The military success of the forces, which are designated as the forces of the Government of National Accord in Libya, can only be local to Fayez Saraj and those who support him from abroad. However, such success may be contrary to the interests of most major players in the oil market. It should be noted that several large oil fields continue to be under the control of the Libyan National Army.
The columnist Salma El Vardani, in a World Oil publication covering world events related to the oil market, writes that Khalifa Haftar “has long complained to the authorities in Tripoli that they lock all the proceeds from the sale of oil to themselves, without doing a fair redistribution of such income. " It was with this that the partial blockage of port infrastructure and oil production at large fields arranged by him was connected.
The material says that in order to consolidate success in the area of Al-Vatiya airbase, the troops of Saraj and his Turkish allies may try to take complete control of the western oil fields of Sharar and Al-Fil.
From the article:
But Haftar’s past actions suggest that he will not end the blockade of oil ports and will not allow him to open fields unless a deal is concluded that gives him a share of Libyan energy revenues.
It is noted that if in 2019 Libyan exports reached a value of 1,2 million barrels, now it has collapsed to 90 thousand barrels per day. At the same time, in 2019, about 400 thousand barrels were exported precisely from the Sharara and El-Fila fields. And today, it is Khalifa Haftar’s forces that do not allow Saraj to “unpack” the deposits and begin production at the level of December 2019. World Oil writes that if Saraj succeeds, then Libyan oil exports will skyrocket dozens of times and strike at the agreements that it was so difficult to reach recently with OPEC + key players in the oil market.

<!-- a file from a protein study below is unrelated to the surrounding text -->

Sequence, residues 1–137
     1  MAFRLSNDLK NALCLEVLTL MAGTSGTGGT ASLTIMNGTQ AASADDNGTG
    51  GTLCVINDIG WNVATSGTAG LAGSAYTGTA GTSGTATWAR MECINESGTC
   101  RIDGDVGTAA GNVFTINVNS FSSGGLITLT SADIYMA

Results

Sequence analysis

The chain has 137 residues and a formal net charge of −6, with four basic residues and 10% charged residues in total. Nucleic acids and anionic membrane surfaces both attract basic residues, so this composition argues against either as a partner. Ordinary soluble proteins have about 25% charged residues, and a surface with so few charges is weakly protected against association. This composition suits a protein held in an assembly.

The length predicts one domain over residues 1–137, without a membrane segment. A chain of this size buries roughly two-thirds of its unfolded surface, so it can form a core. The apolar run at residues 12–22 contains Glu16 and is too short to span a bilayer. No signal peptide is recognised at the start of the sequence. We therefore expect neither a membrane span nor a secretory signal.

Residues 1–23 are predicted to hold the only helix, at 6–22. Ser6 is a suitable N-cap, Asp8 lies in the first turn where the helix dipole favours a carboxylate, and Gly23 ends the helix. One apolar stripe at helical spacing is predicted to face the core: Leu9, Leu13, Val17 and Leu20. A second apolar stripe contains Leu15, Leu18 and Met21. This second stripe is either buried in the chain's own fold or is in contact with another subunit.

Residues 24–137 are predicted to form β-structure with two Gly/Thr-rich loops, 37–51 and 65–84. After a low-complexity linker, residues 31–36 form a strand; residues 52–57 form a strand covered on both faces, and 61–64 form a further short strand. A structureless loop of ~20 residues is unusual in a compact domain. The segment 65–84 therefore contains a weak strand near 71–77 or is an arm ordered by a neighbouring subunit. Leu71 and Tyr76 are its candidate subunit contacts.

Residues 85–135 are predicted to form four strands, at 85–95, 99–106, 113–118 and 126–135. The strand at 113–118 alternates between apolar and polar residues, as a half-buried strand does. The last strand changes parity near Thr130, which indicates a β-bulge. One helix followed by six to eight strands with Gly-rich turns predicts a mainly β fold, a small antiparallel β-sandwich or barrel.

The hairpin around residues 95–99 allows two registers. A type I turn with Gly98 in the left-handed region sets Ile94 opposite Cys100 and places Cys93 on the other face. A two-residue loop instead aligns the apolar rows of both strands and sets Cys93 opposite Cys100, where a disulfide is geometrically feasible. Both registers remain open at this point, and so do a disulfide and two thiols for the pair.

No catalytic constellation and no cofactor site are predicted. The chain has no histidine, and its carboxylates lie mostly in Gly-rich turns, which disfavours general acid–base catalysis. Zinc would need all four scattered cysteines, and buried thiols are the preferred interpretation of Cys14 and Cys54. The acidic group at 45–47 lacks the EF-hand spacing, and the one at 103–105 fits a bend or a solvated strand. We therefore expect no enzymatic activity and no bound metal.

But the problem is that Libya itself does not fully extend the new OPEC + agreement. In other words, the restrictions on oil production in Libya today are provided precisely by the forces of Marshal Haftar. And if the LNA is defeated, then Libyan oil will flood the world market, again dropping prices.
It is for this reason that in the West, and even among oil exporting countries, they are concerned that the forces of Saraj, supported by Erdogan, won in Al-Vatiyah. The West clearly needs a balance of power in Libya, and the victory of either side at the moment does not meet the interests of the West and the exporting countries.
The article by Salma El Vardani gives the opinion of Bill Farren, the head of the Canadian consulting company RS Energy Group. He says that even after the defeat of Haftar in al-Watiyah, it is unlikely that the Government of National Accord will win in all of Libya.